Nomi… So, I have a question about sexuality. I think I’m kind of bisexual. Whoa. I haven’t really explored it. Past relationships have all been with men and none of my friends know that I feel this way. I don’t even know how I feel. Any advice for a girl who may like girls… and guys?
Congratulations! You are part of a slim minority of people who have enough grit and gumption to explore their inner unknown with casual fearlessness. You peer inwards, unsure of what lies beyond, but still take step after step with sure footing. Curiosity and commitment to authenticity anchor your values – you, sails full of wind.
As I write this sitting in Brooklyn, New York – forever a forefront of progressive ideals, especially ones of sexuality – it’s tough to imagine a world in which bisexuality would be something… scary to explore? And not to say you’re scared, no you seem emboldened if anything, I say this more to remind myself that the majority of the world is in fact not like Brooklyn, New York, and that situations like yours must still be treated delicately. You seem, from what I can dissect from the few words you’ve offered, proud and excited and, well, ready. Ready for what’s next, ready to meet a realer you, a more… shall we say… sexually satisfied you?
I don’t think there are such things as gay or straight or bi.
I believe it’s just all various shades of grey. I think you’re attracted to who you’re attracted to when you’re attracted to them for whatever reason you are currently finding them attractive. I think we kid ourselves when we attempt to confine sexuality to names and terms and definitions – and though we’ve gotten exponentially more progressive when it comes to sexuality, we’ve also gotten incredibly complicated.
There are now anywhere from nine to nineteen to thirty nine sexual orientations depending on which articles you read and who you talk to (for example, have you heard of “akoisexual”? Definition: The feeling of attraction but not wanting it reciprocated or losing it when it is reciprocated; used as an alternative and potentially less problematic form of lithosexual/lithoromantic. Which, what are lithosexual and lithoromantic?!)
In the face of my own ignorance I will acknowledge the importance of having nuanced labels. Labels are not always confining, they can give us strength and power and validity. Giving something a name gives it power; labels enable people to build community around feelings that have long been marginalised. But one can get lost in the seemingly endless combinations of root words and prefixes that equate to complicated sexual orientations.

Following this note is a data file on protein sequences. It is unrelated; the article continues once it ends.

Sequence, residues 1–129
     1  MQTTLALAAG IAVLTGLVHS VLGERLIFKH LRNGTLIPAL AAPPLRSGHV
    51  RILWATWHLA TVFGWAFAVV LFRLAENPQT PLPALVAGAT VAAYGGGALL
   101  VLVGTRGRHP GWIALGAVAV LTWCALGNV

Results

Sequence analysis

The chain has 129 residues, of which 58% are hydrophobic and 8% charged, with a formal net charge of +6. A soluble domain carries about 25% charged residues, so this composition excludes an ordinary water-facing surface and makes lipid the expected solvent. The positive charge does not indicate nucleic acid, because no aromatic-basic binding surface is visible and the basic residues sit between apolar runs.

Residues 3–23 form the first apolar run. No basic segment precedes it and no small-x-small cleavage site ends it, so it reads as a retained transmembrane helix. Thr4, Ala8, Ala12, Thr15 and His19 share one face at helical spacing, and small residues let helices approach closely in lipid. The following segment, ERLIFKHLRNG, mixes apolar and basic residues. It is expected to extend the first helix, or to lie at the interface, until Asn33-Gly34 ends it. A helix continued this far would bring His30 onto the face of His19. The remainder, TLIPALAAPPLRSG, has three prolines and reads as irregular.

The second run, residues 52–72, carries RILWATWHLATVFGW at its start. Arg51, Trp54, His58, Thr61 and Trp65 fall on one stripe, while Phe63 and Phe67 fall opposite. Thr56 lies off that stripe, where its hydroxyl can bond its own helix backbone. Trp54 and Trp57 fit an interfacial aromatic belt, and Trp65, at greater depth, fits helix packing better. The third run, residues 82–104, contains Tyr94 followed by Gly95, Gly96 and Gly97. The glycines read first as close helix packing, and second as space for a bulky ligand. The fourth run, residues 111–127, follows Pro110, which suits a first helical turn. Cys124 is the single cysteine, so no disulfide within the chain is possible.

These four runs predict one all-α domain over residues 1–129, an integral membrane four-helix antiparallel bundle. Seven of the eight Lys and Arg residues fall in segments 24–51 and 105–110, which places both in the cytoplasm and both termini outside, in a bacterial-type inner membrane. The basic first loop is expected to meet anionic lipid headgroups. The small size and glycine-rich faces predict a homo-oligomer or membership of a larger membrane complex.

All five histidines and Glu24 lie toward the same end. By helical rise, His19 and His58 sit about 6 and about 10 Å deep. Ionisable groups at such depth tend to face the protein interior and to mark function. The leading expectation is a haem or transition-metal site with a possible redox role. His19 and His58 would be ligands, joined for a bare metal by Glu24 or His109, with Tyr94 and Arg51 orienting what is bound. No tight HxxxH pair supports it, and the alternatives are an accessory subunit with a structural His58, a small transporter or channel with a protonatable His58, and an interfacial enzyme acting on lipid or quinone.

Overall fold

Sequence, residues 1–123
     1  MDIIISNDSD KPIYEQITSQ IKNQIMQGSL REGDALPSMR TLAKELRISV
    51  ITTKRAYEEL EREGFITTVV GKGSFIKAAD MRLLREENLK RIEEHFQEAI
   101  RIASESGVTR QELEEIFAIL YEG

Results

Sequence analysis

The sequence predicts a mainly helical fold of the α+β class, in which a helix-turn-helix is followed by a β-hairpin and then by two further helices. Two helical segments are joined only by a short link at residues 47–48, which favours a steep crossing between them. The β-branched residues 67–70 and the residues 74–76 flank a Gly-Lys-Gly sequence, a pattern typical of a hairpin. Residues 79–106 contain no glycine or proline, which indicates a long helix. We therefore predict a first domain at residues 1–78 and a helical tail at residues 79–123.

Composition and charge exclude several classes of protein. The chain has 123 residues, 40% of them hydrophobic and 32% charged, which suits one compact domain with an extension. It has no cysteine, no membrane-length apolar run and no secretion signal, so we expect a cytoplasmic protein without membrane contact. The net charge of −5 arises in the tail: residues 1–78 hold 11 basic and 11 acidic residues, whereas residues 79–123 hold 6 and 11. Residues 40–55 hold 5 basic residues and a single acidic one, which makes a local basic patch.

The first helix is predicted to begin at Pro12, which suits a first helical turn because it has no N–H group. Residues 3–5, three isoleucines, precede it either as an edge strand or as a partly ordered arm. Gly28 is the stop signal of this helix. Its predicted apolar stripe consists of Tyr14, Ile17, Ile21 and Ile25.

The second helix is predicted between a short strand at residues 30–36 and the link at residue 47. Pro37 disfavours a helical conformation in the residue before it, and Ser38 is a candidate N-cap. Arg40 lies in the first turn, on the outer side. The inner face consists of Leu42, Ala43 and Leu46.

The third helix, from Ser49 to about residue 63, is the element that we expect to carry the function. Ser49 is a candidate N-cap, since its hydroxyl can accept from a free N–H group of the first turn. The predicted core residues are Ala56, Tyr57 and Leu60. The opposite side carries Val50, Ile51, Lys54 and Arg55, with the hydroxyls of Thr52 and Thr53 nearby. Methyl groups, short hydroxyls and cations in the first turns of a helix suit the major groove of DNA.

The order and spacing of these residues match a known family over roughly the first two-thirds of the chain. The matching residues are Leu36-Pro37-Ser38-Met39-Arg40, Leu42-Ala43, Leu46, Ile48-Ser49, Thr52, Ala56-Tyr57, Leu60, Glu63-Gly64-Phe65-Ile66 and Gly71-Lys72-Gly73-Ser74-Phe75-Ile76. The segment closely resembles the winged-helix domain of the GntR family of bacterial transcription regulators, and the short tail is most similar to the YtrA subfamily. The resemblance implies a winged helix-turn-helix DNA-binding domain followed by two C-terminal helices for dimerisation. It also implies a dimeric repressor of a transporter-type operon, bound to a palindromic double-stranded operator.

And, darling, sex is the one thing in your life that should be very, very uncomplicated.
Ideally, your expression of sexuality should a. empower you and b. (hopefully) get you off. Unless, of course, there’s a sexual classification of people who have no desire to get off, or are even perhaps repulsed by it, which no is not “asexuality” – which pertains to the genders to which one is attracted to, not one’s personal desire for an orgasm. Desire for orgasm seems pretty consistent across the gamut. But again, I’m no expert.
But let’s find our way out of this rabbit hole. What you are saying is that you may be attracted to women – that you feel the desire to be physical with them and to explore romantic relationships with them.
Go for it. Take it from me, girls are better kissers than guys (sorry boys). They’re soft, they smell good and they’ll listen to your problems without immediately trying to offer a solution. It’s truly a wonder that we haven’t all wised up and just started to pair up with one another. If part of you is curious about intimacy with women then you owe it to that part of yourself to try it out. Maybe it’s just that, a curiosity. Maybe it’s more.
In a way sexuality is the purest, most “us” part of us.
It’s our sheer desire, our passion, our yearning. Do not cap that; do not fix it to the ground. And for God’s sake, don’t fizzle the flame with the need to label it. Let it run wild. Unchain the thing and see what it comes back with.
Find a supportive community, whether it be online or in your city, and hear what other people who are feeling what you’re feeling have to say. Support is crucial. We need to know that there are other people out there like us whose struggles match our struggles and whose strength gives us strength. If you don’t feel like you can talk about it with the people in your life yet, don’t. You don’t owe anyone any information until you feel you’re ready.
Sex has gotten so PC it’s not even sexy anymore – it’s almost scientific. To me, it sounds like you have a lot of exploring to do. Test the waters, dive in, get wet, and please… have some fun. It is sex, after all.